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Split nominative and Nik's new project

From:Sally Caves <scaves@...>
Date:Saturday, November 14, 1998, 23:17
Aijavva!  A friend of mine drew my attention to this posting that I had
overlooked... Nik, when did you post this?  Which language project of
yours is this?

> Nominative I & II are stolen from Teonaht's split > nominative. Nom. I indicates non-volitional, Nom. II indicates > volitional.
Well, imitation, or stealing, <G> is the highest form of compliment. I think Jerry wanted to take the clitic tense forms (that prefix to pronouns in Teonaht) and adapt it for NGL, and now this!
> Originally, it was an ergative language, which later became > an active language as the ergative was extended. There was also a > partitative case indicating partially affected objects. The partitative > took over the patient role entirely, becoming accusative, and so the S > role was split, and eventually the old absolutive (now Nom. I) took a > few transitive verbs.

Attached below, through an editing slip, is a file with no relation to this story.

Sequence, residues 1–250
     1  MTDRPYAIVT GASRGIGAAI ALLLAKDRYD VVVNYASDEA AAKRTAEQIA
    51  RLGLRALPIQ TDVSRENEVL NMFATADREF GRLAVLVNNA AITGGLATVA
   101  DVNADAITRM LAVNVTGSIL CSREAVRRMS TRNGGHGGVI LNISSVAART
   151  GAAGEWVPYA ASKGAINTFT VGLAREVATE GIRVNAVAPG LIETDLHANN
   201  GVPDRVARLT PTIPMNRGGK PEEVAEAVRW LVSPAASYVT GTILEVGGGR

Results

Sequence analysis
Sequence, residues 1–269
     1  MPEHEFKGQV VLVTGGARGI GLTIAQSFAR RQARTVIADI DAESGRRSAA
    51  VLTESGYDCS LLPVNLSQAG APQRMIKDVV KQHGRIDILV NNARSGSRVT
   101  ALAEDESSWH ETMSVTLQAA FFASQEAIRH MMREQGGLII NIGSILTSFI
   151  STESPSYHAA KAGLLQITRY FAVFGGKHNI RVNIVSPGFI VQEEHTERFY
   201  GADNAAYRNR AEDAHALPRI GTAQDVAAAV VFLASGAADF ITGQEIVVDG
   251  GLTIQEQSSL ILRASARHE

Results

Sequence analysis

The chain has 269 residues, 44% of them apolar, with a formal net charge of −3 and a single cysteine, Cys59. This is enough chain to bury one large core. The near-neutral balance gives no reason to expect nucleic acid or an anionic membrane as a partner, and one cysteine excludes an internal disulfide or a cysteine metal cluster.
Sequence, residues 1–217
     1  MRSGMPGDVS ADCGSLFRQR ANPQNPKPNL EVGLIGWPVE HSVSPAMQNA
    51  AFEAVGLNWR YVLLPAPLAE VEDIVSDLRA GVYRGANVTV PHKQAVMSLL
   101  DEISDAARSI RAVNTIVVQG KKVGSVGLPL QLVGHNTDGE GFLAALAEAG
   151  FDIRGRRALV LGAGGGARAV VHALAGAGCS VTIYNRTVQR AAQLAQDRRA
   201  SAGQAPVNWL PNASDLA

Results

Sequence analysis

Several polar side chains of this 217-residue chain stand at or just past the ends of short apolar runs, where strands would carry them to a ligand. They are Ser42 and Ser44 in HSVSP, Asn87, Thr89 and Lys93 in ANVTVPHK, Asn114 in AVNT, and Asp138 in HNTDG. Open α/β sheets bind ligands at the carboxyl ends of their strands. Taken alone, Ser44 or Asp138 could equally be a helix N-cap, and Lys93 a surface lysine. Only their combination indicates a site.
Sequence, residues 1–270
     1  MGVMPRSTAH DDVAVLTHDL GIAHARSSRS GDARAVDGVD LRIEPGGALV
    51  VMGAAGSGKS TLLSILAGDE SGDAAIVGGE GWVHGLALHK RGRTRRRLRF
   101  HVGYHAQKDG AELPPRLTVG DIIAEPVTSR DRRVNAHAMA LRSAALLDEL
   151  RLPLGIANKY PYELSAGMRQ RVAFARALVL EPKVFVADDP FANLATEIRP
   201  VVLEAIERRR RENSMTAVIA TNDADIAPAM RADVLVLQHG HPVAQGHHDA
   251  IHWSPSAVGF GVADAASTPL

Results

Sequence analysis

Now the trick is to see how your system differs from my system. I was thrown for a loop just a little when I was asked to consider the development of such a system from a functionalist perspective (this came up in the thread a little while back about the "feasibility" of the split-nominative). Wasn't this giving the listener more information than was needed? There's a reason why you have to distinguish between A and P, because these two can coexist in the same clause; but what's the functional reason for distinguishing between A and S in a nominative/accusative language? (yours? definitely mine) What Teonaht does with the "split nominative," and I've come to realize this now, is that the form of the nominative merely mirrors a distinction that is made in the verb. There are two basic types of verb--volitional and non-volitional--either of which can be transitive or intransitive. So I've dispensed with the "S" symbol ("subject of intransitive verb) and have substituted "E," "experiencer." Frequently the verb itself can change its morphology to express the agency or non-agency of its subject: ouarem "listen," ouaned "hear" elry oua, "I listened," elry ouan, "I heard." etc. The "case" markings in the articles/determiners that accompany the nouns are not exactly redundancies, then, but they do "copy" the agent status of the verb. I defend their use in the -ndi verbs which can be either volitional or non-volitional by context: Le zef delo hejvan (the man absented) Li zef delo hejvan (the man was absent) The first sentence tells you that the man was absent by design. The second that he was just absent. Otherwise, they might be "superfluous information," and the distinction can't be detected in the noun if it is not headed by an article ("my man," "two men" etc.) Can this still be considered a "split nominative" (because a verb argument assumes either an agent or an experiencer), or should it be called something else? In both instances, they are still considered nominatives; the pronouns don't reflect the difference except in their emphasized forms. Sally ++++++++++++++++++++++++++++++++++++++++++++++++++ Sally Caves Li fetil'aiba, dam hoja-le uen. volwin ly, vul inua aiba bronib. This leaf, the wind takes her. She's old, and born this year. ++++++++++++++++++++++++++++++++++++++++++++++++++